Wh-in-situ is a wh-element which has not been moved overtly. In some languages (Japanese for instance), all wh-elements appear in situ; in languages with overt movement of one wh-element (like English), the other wh-elements stay in situ.
what in (i) cannot move because its landing site is taken by who.
(i) I wonder who has bought what?
There is a debate as to what mechanism is responsible for the interpretation of wh-elements in situ. Maybe what in (i) is fronted and adjoined to the embedded clause at LF. This operation is called Wh-raising (in contradistinction to wh-movement, or QR (of non-wh operators)). Another approach is to interpret wh-in-situ without LF-movement, via choice functions. Cases of wh-in-situ are not to be confused with echo-questions like John bought WHAT?: here what's landing site has not been taken by another wh-element.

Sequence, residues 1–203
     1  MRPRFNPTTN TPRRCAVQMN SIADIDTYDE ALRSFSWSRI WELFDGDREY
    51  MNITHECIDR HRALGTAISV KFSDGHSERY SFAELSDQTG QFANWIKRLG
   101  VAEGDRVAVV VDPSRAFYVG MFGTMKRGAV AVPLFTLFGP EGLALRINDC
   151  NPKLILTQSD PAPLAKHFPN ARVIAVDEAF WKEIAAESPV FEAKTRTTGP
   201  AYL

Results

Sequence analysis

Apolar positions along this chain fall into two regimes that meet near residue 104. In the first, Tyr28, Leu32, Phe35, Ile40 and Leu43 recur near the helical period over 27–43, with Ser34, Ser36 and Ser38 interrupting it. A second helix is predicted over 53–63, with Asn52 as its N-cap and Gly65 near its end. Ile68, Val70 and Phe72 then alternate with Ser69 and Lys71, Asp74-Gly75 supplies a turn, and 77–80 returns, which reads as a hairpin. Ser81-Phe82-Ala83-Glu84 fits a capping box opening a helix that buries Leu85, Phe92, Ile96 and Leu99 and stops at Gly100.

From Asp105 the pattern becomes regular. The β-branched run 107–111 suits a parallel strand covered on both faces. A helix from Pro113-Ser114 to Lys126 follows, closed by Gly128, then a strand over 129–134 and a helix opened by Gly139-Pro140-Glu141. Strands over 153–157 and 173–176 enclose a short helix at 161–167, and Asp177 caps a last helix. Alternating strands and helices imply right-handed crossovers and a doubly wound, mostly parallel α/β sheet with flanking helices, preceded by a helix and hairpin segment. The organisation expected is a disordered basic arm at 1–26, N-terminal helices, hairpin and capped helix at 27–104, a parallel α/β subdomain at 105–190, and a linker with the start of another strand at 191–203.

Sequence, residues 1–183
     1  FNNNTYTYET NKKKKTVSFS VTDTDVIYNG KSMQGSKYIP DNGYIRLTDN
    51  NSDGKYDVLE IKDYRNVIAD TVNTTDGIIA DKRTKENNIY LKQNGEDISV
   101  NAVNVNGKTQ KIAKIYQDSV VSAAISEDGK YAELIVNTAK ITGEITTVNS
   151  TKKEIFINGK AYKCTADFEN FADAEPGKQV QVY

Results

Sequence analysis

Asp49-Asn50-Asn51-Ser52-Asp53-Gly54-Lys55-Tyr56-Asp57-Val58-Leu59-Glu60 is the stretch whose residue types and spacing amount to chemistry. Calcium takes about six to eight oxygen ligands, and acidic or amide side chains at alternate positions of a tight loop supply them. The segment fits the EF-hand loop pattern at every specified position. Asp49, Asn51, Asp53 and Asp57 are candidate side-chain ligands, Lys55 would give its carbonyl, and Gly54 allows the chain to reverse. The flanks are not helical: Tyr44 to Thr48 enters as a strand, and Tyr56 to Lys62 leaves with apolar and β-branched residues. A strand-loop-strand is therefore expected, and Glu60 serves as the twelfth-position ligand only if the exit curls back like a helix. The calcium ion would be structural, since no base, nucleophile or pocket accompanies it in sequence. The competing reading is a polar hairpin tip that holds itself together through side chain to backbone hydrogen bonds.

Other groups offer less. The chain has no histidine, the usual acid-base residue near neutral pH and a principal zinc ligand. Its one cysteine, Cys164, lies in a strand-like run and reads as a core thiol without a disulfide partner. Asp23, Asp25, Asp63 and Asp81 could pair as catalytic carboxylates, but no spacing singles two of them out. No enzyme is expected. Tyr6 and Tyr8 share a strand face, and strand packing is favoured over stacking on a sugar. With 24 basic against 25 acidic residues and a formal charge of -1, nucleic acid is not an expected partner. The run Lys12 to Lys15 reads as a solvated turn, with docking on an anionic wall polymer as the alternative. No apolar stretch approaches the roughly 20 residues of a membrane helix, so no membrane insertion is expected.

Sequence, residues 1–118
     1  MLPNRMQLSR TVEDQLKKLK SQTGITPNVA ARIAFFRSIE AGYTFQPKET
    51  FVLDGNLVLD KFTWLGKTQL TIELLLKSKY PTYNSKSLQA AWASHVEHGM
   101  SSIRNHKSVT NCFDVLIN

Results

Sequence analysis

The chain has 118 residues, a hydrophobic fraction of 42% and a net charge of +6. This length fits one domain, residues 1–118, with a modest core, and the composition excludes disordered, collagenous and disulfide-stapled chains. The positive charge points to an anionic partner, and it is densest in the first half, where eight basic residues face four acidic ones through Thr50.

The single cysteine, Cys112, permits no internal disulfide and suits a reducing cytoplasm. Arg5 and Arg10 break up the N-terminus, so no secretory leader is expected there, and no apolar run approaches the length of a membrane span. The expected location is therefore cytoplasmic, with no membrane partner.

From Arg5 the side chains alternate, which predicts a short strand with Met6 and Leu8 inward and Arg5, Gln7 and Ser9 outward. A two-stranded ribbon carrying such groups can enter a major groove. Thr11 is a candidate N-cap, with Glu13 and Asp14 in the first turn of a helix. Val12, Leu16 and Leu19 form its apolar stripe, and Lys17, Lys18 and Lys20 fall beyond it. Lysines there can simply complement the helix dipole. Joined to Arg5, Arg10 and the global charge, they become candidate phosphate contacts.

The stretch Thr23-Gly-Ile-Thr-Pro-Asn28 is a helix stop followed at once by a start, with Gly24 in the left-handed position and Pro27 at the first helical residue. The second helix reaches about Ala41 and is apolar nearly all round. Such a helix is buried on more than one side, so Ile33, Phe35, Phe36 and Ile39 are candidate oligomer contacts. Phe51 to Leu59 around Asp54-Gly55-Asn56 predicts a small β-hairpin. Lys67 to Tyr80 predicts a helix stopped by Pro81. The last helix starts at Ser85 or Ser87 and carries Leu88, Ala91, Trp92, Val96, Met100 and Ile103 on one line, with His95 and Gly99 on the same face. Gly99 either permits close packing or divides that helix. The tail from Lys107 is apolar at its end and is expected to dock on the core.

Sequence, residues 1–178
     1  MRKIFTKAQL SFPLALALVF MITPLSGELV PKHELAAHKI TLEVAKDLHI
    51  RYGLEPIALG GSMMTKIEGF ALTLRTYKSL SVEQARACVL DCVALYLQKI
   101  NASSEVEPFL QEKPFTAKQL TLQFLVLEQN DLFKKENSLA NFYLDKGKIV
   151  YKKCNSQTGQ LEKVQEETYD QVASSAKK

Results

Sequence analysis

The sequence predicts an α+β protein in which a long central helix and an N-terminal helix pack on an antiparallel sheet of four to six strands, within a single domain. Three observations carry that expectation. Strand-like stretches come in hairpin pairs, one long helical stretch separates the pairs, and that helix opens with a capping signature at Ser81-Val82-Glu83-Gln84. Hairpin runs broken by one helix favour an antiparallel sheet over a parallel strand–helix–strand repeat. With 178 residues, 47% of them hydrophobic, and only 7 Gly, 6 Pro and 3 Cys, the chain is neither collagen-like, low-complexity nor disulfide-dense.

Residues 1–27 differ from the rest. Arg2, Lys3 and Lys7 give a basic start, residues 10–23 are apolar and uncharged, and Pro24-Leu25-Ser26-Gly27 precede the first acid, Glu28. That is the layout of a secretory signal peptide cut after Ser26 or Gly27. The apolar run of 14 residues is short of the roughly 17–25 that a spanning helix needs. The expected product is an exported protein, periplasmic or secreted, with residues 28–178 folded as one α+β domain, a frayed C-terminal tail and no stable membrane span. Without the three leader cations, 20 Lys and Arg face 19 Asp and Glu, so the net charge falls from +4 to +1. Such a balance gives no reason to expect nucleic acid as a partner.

- Chomsky, N. 1986b. Barriers, MIT Press, Cambridge, Mass.
- Chomsky, N. 1981. Lectures on Government and Binding, Foris, Dordrecht.
- Lasnik, H. and M. Saito 1992. Move alpha: conditions on its application and output, MIT Press, Cambridge, Mass.
- May, Robert 1985. Logical form, MIT Press
- Reinhart, T. 1993. Wh-in-situ in the framework of the Minimalist Program, OTS Working papers in linguistics, Utrecht University.
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